From the Los Angeles Times
Works councils — elected bodies representing all workers in a plant, both blue and white collar — are acclaimed as one of the best, most innovative features of Germany’s labor relations system. They have been shown to enhance efficiency, adaptability and cooperation. By supporting the use of work sharing (agreeing to reduce everyone’s hours rather than laying some people off), for example, these councils helped Germany experience less unemployment during the Great Recession and a faster, more robust recovery since then.
For years, labor law, labor economics and labor-management researchers like us have urged experimentation with works councils in the United States. Volkswagen and the United Auto Workers are proposing to do just that at Volkswagen’s Tennessee plant. This could be a watershed in American labor relations, one that rejects the outmoded adversarial doctrines that have built up in U.S. labor law and practice. And it signals management and labor support for a new model of cooperation and partnership.
Unfortunately, the National Right to Work Legal Defense Foundation and others are opposing this effort by arguing that such cooperation would violate U.S. labor law’s 1935 ban on sham or “company” dominated unions.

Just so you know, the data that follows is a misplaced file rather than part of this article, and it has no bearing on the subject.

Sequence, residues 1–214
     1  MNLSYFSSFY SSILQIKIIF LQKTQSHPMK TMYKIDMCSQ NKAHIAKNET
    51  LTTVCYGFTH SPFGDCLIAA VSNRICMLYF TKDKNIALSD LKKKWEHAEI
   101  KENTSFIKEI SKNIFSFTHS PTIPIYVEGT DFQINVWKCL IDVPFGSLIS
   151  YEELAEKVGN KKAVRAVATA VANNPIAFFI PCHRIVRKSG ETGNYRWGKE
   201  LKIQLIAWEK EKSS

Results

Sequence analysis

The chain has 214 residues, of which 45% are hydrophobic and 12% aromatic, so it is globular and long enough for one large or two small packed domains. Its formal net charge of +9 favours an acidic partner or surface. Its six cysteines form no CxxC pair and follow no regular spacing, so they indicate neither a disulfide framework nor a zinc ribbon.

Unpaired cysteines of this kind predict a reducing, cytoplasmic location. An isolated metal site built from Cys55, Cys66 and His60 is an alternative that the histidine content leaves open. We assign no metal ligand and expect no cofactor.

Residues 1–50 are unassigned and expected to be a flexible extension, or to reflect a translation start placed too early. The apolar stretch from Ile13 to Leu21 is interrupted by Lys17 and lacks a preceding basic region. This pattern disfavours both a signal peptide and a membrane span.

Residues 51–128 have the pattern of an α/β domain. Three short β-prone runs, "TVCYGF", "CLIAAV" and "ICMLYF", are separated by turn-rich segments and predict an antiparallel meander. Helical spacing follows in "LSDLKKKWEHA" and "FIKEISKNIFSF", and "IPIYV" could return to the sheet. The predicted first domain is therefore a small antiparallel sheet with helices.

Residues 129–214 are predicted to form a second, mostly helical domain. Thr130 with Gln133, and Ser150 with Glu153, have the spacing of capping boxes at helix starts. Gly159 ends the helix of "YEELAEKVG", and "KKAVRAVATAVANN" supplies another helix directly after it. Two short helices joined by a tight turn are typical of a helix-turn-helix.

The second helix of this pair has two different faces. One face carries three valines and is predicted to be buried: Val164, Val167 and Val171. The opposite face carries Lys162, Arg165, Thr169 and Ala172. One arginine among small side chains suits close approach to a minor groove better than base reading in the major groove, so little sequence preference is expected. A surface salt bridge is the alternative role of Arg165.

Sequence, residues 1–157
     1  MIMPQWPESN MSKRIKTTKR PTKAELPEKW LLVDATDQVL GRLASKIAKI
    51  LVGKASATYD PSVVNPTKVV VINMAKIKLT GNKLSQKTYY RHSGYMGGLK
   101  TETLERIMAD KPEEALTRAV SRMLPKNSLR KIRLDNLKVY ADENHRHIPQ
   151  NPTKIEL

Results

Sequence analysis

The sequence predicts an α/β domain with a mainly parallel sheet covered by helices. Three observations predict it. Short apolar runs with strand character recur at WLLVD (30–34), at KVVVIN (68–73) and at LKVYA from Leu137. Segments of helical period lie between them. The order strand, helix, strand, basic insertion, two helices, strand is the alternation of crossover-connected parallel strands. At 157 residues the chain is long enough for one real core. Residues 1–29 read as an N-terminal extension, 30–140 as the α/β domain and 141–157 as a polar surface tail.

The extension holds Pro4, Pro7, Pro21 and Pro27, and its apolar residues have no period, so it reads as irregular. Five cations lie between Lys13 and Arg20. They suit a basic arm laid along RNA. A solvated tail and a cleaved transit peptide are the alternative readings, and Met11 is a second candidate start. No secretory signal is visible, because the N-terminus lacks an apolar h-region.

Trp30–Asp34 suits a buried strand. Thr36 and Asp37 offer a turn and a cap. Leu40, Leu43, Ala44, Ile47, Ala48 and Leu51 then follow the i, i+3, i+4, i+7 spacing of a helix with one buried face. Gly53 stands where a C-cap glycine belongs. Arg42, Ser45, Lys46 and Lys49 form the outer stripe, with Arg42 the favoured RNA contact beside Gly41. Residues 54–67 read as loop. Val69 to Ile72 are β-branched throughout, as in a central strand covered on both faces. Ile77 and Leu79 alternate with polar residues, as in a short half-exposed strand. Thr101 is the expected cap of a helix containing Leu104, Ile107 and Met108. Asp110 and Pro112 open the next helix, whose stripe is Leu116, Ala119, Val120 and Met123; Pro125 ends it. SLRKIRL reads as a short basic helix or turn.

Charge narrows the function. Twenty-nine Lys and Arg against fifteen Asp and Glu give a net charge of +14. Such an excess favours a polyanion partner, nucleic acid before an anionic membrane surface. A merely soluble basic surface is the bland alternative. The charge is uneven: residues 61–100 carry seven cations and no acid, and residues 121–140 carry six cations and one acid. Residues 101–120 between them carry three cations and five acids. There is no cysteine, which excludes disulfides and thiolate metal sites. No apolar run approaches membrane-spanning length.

A comparison of German and American labor law makes it clear they are dead wrong.
German law conceives of employees not as adversaries of management but as valued participants in the enterprise. German unions bargain about wages and hours. But, if workers choose to have a works council, it becomes a representative body in running the firm. Management must share extensive and even confidential business information with the council, and matters of critical concern on the shop floor or in the office must be discussed with the council and agreed to by its members. Most large enterprises, such as Volkswagen, have works councils.
Read the full article in the Los Angeles Times.
Matthew Finkin is a professor of law at the University of Illinois and a member of the governing board of the Institute for Labor Law and Labor Relations in the European Union in Trier, Germany.